When an audience member asked about the Longo vs. Daly vote Tuesday night, Spanjian said she supported Daly because of his ability to attract younger voters to the party. She dismissed the insinuation that she does not back gay candidates, noting as a board member of the Gay and Lesbian Victory Fund she helps to elect LGBT people across the country.
Mandelman questioned what relevance the intra-party fight has to do with the District 8 race.
"I cannot imagine voters of District 8 care about internal fights over who becomes regional director of the Democratic Party in the Bay Area," he said. "I am not sure about the relevance of it."
As for issues that do affect residents of the district, which includes the Castro, Noe Valley, Diamond Heights, and Glen Park, very few divide the candidates. They all support legislation to legalize and tax marijuana being pushed by state Assemblyman Tom Ammiano (D-San Francisco). The four are in unison when it comes to seeing Trader Joe's and Whole Foods open in the Castro; they support the projects as long as impacts to the neighborhood are minimal.
They are also in agreement on the possibility of reviving the Castro's Halloween street party. As long as it is community driven, none would oppose seeing a gradual return of the outdoor celebration. Nor did any of them fault Supervisor Bevan Dufty for shutting down the annual bash in 2007 after attempts to quell the violence of years past failed.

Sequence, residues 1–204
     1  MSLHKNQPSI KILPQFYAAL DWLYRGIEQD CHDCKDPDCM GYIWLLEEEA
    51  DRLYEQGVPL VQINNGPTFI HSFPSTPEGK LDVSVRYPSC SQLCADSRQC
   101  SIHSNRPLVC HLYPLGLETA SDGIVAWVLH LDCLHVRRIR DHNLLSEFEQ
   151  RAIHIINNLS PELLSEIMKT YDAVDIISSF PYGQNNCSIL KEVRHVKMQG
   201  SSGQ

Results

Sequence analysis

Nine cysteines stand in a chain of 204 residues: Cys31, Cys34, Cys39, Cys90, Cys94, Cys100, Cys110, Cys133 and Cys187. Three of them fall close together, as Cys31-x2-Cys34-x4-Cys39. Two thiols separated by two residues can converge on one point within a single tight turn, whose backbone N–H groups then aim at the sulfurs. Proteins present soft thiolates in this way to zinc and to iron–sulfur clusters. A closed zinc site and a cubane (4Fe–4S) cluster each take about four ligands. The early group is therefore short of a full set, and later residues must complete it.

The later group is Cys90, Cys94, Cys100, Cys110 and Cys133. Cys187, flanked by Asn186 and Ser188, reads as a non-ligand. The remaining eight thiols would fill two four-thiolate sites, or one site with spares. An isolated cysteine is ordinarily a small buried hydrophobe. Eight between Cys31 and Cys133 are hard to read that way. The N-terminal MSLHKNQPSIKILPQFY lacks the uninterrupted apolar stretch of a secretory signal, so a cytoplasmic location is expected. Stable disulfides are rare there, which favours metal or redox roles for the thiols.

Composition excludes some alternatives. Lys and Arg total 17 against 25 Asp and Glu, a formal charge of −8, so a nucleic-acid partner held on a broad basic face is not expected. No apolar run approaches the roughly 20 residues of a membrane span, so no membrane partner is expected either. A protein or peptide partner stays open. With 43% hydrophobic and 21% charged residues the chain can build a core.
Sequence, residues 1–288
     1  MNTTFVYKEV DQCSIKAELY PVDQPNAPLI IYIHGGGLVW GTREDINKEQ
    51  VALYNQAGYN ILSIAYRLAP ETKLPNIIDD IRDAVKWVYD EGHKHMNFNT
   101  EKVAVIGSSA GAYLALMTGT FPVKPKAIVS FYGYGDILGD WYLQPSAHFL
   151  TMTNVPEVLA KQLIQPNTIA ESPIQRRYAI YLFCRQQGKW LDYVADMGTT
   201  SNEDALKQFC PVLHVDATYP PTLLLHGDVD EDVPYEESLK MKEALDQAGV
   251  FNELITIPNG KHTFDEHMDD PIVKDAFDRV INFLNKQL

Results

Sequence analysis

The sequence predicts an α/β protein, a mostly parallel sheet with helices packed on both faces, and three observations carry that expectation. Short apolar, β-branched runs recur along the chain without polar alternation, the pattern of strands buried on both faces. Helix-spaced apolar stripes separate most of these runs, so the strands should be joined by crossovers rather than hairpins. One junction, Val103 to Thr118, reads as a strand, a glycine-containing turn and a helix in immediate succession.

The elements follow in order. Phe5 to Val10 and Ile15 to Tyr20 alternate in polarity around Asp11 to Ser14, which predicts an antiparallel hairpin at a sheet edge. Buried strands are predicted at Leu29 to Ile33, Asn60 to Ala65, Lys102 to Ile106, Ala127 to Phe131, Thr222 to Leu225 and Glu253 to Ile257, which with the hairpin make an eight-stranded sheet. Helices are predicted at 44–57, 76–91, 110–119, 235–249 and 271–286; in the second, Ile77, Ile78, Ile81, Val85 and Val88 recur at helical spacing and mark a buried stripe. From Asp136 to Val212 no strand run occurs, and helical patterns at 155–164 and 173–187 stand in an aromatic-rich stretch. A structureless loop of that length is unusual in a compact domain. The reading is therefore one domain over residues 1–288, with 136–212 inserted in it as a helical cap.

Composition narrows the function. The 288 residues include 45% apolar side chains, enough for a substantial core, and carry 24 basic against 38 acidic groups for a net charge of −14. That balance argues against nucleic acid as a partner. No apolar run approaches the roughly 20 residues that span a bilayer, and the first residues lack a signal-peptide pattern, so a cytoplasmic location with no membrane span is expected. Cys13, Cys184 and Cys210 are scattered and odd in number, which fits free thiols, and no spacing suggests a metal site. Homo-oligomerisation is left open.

"For me public safety comes first," said Prozan, who lives in the heart of the Castro. "It needs to be coming back from the neighborhood. It can't be about people coming from ... other cities coming here just to look at us."
Wiener, who also lives in the heart of the Castro, said Halloween "became a nightmare" and that "it needed to change." But he also said, "If something organic happens going forward that is great."
Like Wiener, Spanjian said she would want to see a revived Halloween party be modeled after how the Sisters of Perpetual Indulgence run the annual Pink Saturday party in the Castro over Pride weekend. The drag nun group once hosted Halloween but dropped out as the event became unmanageable and city officials refused to acknowledge the party existed.
"Maybe Halloween can get back to that. That is the work I want to do," she said. "But it has to be fun and safe."
Even Mandelman, the most left-of-center candidate in the race, complemented Dufty for his handling of the situation. He also expressed the most doubt at seeing Halloween make a comeback in the Castro.
"I think it would be great to have Halloween back in the Castro but I am not sure we have figured out a way to do it that isn't going to be a hassle for the neighborhood," he said.